Travel Tips: 5 Tips to Balance Work While on Vacation

You’ve been working hard all year and like so many travelers this year, you’re eager to get out and make memories with your friends or family. But vacationing while trying to run your business is an enormous challenge. How can you make the most of your time away and keep everything running smoothly at work?

This week we’ve got five tips to help you strategize working while traveling so you can enjoy your trip to the max. One thing to keep in mind with these tips: you’re traveling to get away and create new experiences. You can’t do that if you’re constantly checking email and making calls. Do your best to leave work behind so you can come back to the office recharged and re-inspired.



Tip # 1: Don’t Commit to Too Much

This one may be tough, but you’ve been planning this trip for a while and owe the time away to yourself and your family. Don’t commit to more work than you can realistically get done. Look at your travel itinerary and estimate the number of hours per day you can work (or the total number of working hours for the duration of your trip). Now reduce this number by one third to a half. This will ensure you don’t give too much of your time away and don’t feel tempted to take on more than you can get done while away.


Man checking phone with a tropical drink.

Photo by Rohit Tandon on Unsplash


The last thing you want is to limit your vacation time and fail to meet work expectations because you couldn’t get as much done as you thought.

Undercutting the amount of time you can realistically work will allow you to enjoy your vacation and avoid taking on more than necessary. Plus, you’ll have a cushion of extra time to handle an emergency should one arise in your absence—though it probably won’t!

Tip #2: Limit Computer and Electronic Time

This tip works in sync with the previous. By limiting your computer time, you’ll make certain you don’t overcommit and vice versa. Set a small amount of time during each day—or only on certain days—in which your primary focus will be work. Maybe it’s first thing in the morning, at lunch, or when you check in for the night. Let your travel companions know these are the hours in which you are working so you can stay on task.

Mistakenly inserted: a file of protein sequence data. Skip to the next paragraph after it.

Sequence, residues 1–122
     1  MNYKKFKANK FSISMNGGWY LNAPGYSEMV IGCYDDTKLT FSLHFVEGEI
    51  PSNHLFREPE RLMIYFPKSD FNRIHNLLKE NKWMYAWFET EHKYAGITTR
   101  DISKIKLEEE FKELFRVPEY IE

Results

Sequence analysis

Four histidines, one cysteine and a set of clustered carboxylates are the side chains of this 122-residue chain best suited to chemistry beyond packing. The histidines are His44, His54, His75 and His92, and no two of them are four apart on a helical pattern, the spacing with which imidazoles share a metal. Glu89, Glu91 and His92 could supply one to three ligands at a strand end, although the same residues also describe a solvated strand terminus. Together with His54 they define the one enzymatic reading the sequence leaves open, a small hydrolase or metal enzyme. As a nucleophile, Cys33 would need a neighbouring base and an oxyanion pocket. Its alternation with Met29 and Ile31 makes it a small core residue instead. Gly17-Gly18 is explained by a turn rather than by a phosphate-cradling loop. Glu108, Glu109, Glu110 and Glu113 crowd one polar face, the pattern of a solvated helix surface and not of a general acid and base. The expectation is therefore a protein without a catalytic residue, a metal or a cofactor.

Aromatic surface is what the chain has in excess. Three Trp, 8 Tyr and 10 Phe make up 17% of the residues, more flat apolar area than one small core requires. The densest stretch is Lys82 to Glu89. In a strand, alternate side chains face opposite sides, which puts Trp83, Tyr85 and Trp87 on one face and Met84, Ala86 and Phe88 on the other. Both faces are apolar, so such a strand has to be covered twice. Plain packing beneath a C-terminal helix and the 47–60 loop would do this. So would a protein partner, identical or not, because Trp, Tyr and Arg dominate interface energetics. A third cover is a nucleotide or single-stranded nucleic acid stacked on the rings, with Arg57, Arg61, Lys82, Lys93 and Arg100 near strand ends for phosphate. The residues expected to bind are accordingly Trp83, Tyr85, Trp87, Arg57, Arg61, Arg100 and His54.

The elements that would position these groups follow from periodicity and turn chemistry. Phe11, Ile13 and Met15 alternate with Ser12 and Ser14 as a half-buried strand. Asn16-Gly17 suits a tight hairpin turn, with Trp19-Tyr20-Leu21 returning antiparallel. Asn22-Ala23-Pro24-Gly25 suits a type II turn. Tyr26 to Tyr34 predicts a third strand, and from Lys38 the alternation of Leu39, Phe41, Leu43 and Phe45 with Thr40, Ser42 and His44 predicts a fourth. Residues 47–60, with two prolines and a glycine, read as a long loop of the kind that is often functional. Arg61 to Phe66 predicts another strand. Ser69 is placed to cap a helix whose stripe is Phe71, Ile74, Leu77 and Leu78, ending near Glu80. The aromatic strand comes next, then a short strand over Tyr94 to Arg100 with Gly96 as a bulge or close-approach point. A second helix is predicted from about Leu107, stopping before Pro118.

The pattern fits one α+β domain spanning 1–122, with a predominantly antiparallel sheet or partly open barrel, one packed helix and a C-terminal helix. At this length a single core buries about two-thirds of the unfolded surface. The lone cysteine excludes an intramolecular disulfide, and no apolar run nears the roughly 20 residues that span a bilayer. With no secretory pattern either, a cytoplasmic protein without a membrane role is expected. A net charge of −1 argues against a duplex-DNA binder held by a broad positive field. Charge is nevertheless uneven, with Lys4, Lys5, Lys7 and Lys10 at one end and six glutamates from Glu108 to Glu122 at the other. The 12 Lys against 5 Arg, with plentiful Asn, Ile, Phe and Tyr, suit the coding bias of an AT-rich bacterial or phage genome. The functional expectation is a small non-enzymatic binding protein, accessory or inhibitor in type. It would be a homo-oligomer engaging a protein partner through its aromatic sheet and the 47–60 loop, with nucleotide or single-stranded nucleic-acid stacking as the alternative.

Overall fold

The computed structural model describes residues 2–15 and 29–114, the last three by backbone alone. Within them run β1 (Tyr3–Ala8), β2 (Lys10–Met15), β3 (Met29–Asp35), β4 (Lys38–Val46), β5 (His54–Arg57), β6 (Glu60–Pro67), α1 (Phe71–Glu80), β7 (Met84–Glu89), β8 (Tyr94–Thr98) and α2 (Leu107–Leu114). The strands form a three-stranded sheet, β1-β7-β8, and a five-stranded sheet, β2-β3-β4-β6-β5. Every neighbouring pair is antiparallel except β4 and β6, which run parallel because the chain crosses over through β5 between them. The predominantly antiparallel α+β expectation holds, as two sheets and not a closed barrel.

By limiting your time to just an hour or two per day, you’ll remain more focused and work efficiently. This will also allow you to leave your travel workstation at the hotel or resort rather than spend the day looking for a signal to check in—an added source of frustration you do not want while adventuring.

There’s ample evidence that ditching your phone while traveling is beneficial to your vacation experience, however, it can be unrealistic for some. Do your best to only respond to the truly important messages you receive while away.

Image of a spray-painted on the pavement with a line through it.

Photo by Marjan Blan | @marjanblan on Unsplash

Tip #3: Avoid Discussing Work

This tip seems simple but putting it into practice can be a challenge. When so much of our time during the week is spent working and thinking about work, it is difficult to suddenly push our working lives out of mind. However, do your best not to talk work while on the beach or mountain trail. Each time you find your mind drifting back to the office, make an observation about where you are. This will help you appreciate your destination more and keep you grounded in the present experience.

Group hiking toward a pine forest

Photo by Austin Ban on Unsplash

Tip #4: Check in to Ease Your Mind

As much as we’d all love to leave work behind entirely, for most of us, especially business leaders, it’s unrealistic to drop off completely for a week at a time. Establishing small windows of time to allow yourself to check-in will put your mind at ease and let you enjoy your getaway more. You don’t want to be wondering how things are going in the office while you’re playing in the ocean, hiking, or museum hopping. Allowing yourself a quick check-in will put those worries to rest and remind you that everything is running smoothly in your absence.

Hammock on a breezy beautiful beach.

Photo by Mohamed Ajufaan on Unsplash

Tip #5: Set a Hard Cut-off Time

Lastly, set a hard cut-off time while away. Those messages can wait until tomorrow. Do your daily check-in, respond to any truly important emails, and then let yourself relax. An unfortunate reality of our uber-connected digital age is we can take work with us anywhere and be reached at almost any time. Vacation is the perfect time to say, “after 10 am, I will no longer be available.” Make the most of that luxury.


Woman on kayak gazing at mountains in the distance.

Photo by Kalen Emsley on Unsplash